Wasatch-Cache National Forest:  In partnership with:  Utah State Parks and Recreation, Friends of the Utah Avalanche Center-Logan, and Utah State University College of Natural Resources.


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Logan area Avalanche Advisory

7:30, Monday February 4, 2008

Hello and good morning, this is Toby Weed of the Utah Avalanche Center with your Logan Area backcountry avalanche and mountain weather advisory.  It’s Monday February 4th, at 7:30 in the morning.  This advisory is brought to you in part by the Friends of the Utah Avalanche Center in Logan with help from the Trailhead.

Current Conditions:

Snow keeps falling in Logan, and the white stuff will likely continue to fall through much of the day in the mountains.  Yesterday’s storm was quite productive, and the total snow reading at the Tony Grove Snotel climbed above one hundred inches for the first time this season, now recording 104+”  with 98% of average water content.  The total snow stake picked up 14 inches with 1.1 inches of water in the last 24 hrs.  Seems like a lot, but not when compared to the Ben Lomond Peak Snotel’s amazing reading of 4”of water since yesterday morning.  As the snow fell heavily yesterday, southwest winds gradually diminished while swinging around from the west.  Its 5 degrees at the Campbell Scientific weather station at 9400’ on Logan Peak and northerly winds are averaging less than 10 mph.


  Avalanche Conditions:

  Most people wisely stayed out of backcountry avalanche terrain yesterday and so there were no reports of avalanches in the mountains around Logan.  Ski areas and road crews in the Wasatch Range report a very active control day, with long running and sensitive soft slabs in the 2’+deep range triggered by both ski cuts and explosives.  We received numerous reports of avalanche encounters from Saturday, with several triggered avalanches, some stepping into old snow and a handful of people taking unintended rides.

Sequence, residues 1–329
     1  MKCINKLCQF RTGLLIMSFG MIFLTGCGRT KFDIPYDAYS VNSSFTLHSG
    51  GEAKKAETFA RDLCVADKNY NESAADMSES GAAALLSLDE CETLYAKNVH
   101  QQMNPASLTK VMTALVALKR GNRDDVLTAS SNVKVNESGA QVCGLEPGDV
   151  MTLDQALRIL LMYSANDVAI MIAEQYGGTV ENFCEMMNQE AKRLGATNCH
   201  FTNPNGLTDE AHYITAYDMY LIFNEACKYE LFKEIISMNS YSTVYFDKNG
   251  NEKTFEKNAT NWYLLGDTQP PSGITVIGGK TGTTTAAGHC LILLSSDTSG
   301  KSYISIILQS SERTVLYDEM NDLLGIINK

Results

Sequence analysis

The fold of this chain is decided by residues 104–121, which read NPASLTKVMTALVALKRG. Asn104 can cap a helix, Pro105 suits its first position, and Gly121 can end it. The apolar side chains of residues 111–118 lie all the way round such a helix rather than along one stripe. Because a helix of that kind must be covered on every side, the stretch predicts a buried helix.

I have reports of a couple spooky human triggered avalanches from this weekend in the Logan Area, and we’ve observed evidence of numerous natural wind slab avalanches in the backcountry over the last week.  I’ve posted pictures of a few of these on the images page.  The reports and observations are mainly from lower and middle elevations, and there have been recent local avalanches on a wide variety of slopes facing most directions and at all elevations.  I’ll quickly sum things up.  We’ve been getting a powerful Pacific storm regularly every two days for the last week.  Strong winds before and during the storms have been building huge cornices, and extensive drifting formed widespread hard and soft slabs on steep slopes and avalanche paths in the region.  We noted spotty natural wind slab avalanches early last week, and much more widespread and larger avalanches occurred in several areas on Thursday night, (see backcountry avalanche list).  Skiers triggered a couple dangerous avalanches over the weekend; on Friday in the foothills south of Green Canyon, and on Saturday in the Garden City/Swan Peak gut.

You are most likely to see fresh soft slabs or sizable sluffs on steep slopes in the new snow today.  The most dangerous will be fresh drifts and broad soft slabs consisting of new snow that are likely be sensitive to your presence and could run far and fast.  Triggered soft slabs in the 1 to 2 foot deep range are likely today, and we could also see some sizable natural activity in some areas.

Wind-drifted snow overloaded some steep slopes with existing persistent weak layers, and there is potential for some avalanches to step down to one of several lingering weaknesses formed on the snow surface before last week.  In areas with a shallow overall snowpack, like many slopes in Blacksmith Fork, some avalanches could step all the way down to sugary depth hoar near the ground.

   Bottom Line:

Overall, there’s a CONSIDERABLE danger in the backcountry today, and triggered avalanches are likely on a variety of steep slopes and at all elevations.  In areas that received the most snow and on slopes exposed to wind drifting there is a lingering HIGH danger, and some natural avalanches are likely.  In some areas, wind-drifted snow overloaded slopes with existing persistent weak layers, and the danger could remain CONSIDERABLE for a while.

    Mountain Weather: The National Weather Service has continued a Winter Storm Warning for the mountains around Logan through this evening.  Expect several additional inches of accumulation and moderate northwest winds today.  The next Pacific storm will affect mainly Northern Utah tomorrow night into Wednesday.  Another storm will glance by on around Thursday, and ridging or a break in the storms is expected for next weekend.

General Announcements:  This advisory will expire in 24 hours from the posting time.

Go to the Avalanche Encyclopedia if you have any questions about terms I use in the advisory.

I'm very interested to know what you're seeing out there.  Please e-mail observations to me at [email protected] or leave me a message at 755-3638, especially if you see or trigger an avalanche in the backcountry. We keep all observations confidential.

The information in this advisory is from the U.S. Forest Service, which is solely responsible for its content.  This advisory describes general avalanche conditions and local variations always occur.